Our first blog on inspiration coaches, who are helping athletes to reach their potential and in the process build amazing communities. 

Being a great coach goes far beyond teaching skills and strategies. They inspire, guide, and empower their athletes to reach their full potential, fostering personal growth, resilience, and a love for the sport they are coaching. These skills like goal setting and understanding that hard work and results go hand in hand, are also directly relatable to life outside of sport. Success is earned, it can never be given. These amazing coaches are not just making better athletes, they are making better people and creating a sense of belonging and community. 

So what makes a great coach? Ultimately that's up to the individual, as a great coach or squad for you can be completely the wrong choice for another athlete. 

Generally speaking great coaches are shaped by their own athletic experiences and draw knowledge from past coaches, who have either coached them or that they have worked under or with, until they develop the skills and magic recipe that works for them and their own squads.

Just a few of the magic elements and skill sets a great coach has in their tool box include:

  • Expertise and knowledge
  • Great communication skills
  • Listener and at times councillor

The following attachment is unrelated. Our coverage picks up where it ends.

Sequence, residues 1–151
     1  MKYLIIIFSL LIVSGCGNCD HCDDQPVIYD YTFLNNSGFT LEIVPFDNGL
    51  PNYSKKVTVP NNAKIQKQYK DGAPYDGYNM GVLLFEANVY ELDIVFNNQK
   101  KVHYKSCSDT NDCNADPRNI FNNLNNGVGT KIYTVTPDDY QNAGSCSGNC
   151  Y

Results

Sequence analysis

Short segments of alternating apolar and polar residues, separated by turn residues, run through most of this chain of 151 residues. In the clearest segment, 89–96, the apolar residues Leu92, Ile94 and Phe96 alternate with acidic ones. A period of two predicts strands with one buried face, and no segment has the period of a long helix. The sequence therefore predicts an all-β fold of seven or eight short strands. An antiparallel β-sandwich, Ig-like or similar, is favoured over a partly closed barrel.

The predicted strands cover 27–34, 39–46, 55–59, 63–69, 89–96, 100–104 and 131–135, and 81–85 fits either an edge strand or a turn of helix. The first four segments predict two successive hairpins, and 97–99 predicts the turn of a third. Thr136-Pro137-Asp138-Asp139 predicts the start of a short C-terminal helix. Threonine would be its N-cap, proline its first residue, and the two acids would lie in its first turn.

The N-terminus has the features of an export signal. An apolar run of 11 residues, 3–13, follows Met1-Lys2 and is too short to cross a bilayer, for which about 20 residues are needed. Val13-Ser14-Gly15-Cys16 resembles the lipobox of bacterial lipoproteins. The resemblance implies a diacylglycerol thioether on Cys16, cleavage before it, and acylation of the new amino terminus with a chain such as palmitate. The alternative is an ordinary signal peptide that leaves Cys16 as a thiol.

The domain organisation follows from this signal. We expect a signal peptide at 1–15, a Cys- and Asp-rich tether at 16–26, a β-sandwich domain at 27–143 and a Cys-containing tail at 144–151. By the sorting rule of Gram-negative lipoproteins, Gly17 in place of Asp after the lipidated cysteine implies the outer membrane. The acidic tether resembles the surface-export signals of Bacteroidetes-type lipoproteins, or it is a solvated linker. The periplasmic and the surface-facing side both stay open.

• Leadership and motivation skills
  • Programing 
  • Personalised approach 
  • Technical data analysis and tactical insight on race day
  • Adaptability and flexibility
  • Positive reinforcement and constructive feedback
  • Passion and dedication
  • Empathy and emotional intelligence
  • Keeping you accountable and on course

We were lucky enough to catch up with Matt Bury from Triamattic Performance Coaching. Matt has helped shape and develop some of the most talented athletes in Australian triathlon over the years. Matt currently has a super talented squad of young athletes, who regularly feature domestically and internationally on the podium. We were lucky enough to ask him a few questions...

Why did you want to become a coach? My first coaching experience came when I was a teenager at our local football club - the grade players were expected to coach the junior teams - I always felt then, as I do now that coaching is a great way to give something back to the community and the pastime you enjoy. Displaying gratitude is a very important value to me and sport has given so much to me personally, so coaching gives me the platform to give something back.

Your tagline is Performance Triathlon Coaching with a smile? How important is a smile? The tag line performance coaching with a smile is just to remind everyone to enjoy what you are doing - High Performance sport is no different to any other pursuit in life - if you’re not enjoying the experience or having fun then it’s time to move on and find something that puts a smile on your dial.

How selective are you in selecting athletes and what are you looking for in athletes or can anyone join the squad? We are a values based squad - meaning that we select squad members around the values of our squad - anyone can join but we might not be the right environment for everyone - which is ok (we also only cater for athletes over 18 years of age) - international athletes are encouraged to check us out - we love diversity 

How many athletes do you coach? I currently coach 10 athletes across a couple of sports and countries